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Born: Wednesday 16 October 1929, Swansea, Wales
Died: Wednesday 9 July 1997, Swansea, Wales (aged 67)
Position: Inside Forward
One of Wales' finest ever players and a member of what remains the only Welsh team to reach a major international tournament, inside-left Ivor Allchurch set national appearance and goalscoring records which stood for many years after his retirement. He is also one of a relatively small number of players to have had significant spells with both his hometown club Swansea City (at the time known as Swansea Town) and fierce rivals Cardiff City.
Allchurch was born in Swansea on 16 October 1929, to English parents who had moved to south Wales some years earlier. Both he and younger brother Len were keen footballers and both would go on to turn professional. Having left school at the age of fourteen, Ivor worked in a variety of jobs before being spotted by a scout from local team Swansea Town, who played in the English Second Division. He was playing in an under-18 match after already having played an under-16 game earlier in the same day, and was still the best player on the pitch.
Allchurch quickly signed on as an apprentice, working on the club's ground staff before turning professional in 1947. His entry into league football was delayed when he was called up for national service, although during that time he did appear in 11 league for then-Midland League side Shrewsbury Town in 1948-49. His Football League debut finally came on Boxing Day 1949, in a disappointing 3-0 Second Division loss at West Ham, and he went on to appear in most of Swansea's remaining matches that season.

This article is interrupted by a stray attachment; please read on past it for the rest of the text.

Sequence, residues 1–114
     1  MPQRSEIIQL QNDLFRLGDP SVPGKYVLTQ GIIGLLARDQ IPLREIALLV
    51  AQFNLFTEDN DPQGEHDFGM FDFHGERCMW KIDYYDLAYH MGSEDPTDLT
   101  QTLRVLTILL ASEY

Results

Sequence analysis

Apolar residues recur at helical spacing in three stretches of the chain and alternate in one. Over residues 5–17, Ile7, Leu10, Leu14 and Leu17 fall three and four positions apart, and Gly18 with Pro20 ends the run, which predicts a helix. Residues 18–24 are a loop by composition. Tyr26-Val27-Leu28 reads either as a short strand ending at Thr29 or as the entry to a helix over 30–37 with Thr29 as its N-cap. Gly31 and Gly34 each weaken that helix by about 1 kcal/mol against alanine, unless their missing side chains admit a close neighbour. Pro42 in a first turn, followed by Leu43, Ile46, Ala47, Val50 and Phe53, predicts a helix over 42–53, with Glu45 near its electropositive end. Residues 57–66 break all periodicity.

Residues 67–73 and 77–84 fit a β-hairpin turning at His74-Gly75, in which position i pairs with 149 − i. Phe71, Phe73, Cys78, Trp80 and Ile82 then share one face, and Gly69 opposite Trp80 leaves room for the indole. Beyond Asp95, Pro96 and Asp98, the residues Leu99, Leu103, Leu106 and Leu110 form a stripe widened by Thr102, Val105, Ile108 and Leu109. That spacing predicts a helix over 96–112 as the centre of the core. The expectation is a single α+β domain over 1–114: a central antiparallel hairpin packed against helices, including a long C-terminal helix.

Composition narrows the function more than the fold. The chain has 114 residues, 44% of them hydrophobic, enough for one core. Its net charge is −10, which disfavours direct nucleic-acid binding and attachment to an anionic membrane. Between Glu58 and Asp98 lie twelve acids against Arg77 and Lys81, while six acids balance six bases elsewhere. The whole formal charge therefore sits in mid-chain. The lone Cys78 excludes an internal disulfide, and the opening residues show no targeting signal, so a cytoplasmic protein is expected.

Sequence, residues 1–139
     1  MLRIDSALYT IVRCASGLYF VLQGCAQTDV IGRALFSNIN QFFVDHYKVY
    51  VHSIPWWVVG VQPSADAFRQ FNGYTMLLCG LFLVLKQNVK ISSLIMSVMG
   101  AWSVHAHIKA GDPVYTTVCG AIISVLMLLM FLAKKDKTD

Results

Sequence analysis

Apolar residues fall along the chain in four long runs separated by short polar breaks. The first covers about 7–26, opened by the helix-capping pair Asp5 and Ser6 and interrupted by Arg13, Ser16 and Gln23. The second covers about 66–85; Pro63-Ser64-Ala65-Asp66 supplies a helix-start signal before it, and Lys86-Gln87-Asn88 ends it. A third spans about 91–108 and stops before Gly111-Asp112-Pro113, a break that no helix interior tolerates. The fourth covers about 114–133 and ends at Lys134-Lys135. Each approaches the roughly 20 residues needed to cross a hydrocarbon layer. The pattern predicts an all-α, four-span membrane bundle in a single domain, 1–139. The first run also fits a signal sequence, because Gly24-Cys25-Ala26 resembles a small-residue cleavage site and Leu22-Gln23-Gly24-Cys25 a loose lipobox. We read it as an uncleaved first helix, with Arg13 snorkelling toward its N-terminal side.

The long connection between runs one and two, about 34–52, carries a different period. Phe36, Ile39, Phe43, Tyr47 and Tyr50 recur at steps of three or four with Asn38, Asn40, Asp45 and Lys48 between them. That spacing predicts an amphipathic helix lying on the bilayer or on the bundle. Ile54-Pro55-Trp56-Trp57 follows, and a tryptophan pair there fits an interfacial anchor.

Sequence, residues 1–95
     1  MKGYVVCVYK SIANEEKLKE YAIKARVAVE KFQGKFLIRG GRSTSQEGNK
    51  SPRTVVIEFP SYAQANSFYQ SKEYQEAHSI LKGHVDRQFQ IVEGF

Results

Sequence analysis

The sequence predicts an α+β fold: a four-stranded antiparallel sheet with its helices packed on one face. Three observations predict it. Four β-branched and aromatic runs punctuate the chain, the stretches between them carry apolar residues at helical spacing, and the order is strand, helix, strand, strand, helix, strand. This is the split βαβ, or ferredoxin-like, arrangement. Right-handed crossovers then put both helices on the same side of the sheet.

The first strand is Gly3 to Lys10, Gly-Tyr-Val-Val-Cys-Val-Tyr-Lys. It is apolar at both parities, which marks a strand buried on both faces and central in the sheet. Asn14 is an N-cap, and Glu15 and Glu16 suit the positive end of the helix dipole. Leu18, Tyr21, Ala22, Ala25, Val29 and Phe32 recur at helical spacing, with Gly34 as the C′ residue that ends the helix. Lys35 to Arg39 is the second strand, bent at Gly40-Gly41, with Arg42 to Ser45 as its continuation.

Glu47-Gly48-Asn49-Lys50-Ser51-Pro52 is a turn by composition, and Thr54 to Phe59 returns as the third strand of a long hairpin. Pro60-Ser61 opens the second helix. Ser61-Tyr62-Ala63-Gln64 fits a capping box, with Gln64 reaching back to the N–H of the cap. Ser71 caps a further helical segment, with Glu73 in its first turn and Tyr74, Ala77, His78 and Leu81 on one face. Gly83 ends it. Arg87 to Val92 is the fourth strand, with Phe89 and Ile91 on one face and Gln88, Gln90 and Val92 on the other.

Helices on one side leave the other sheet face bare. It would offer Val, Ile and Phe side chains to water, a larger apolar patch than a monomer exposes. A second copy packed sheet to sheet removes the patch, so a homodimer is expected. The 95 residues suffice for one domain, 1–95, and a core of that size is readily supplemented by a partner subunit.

Allchurch's reputation quickly grew and he was soon regarded as one of the finest inside forwards in British football. His close control and turn of speed enabled him to beat defenders with ease, while his height gave him great ability in the air. Also renowned for having an incredibly powerful left-foot shot, he regularly scored spectacular long range goals. First Division clubs soon showed an interest in him, but with the maximum wage still in force there was no incentive to move away from home.
He was called into the Welsh national team for the first time in November 1950, making his debut in a 4-2 British Home Championship defeat to England. Despite playing for an often struggling Second Division side, Allchurch was always one of the stars of the national team. His winning goal against Scotland in the 1951-52 Home Championship helped Wales to claim a share of the title with England.
The highlight of his international career came in 1958. Wales had originally failed to reach the World Cup having finished second in their group but when Israel would have qualified without playing a game, they were required to play-off against the runner-up of one of the European qualifying groups. Wales were drawn to face them and won the play-off, reaching the World Cup in Sweden.
In the finals Wales drew all three group games, coming closest to a win when Allchurch gave them a half-time lead against Mexico. They were pegged back to 1-1 but finished the group level on points with Hungary, meaning there would be a play-off for a place in the last eight. Hungary led at half-time but Allchurch scored his second goal of the finals to pull his country level. They went on to win 2-1 before losing 1-0 to eventual champions Brazil in the quarter-final, having made a real impact on their first World Cup.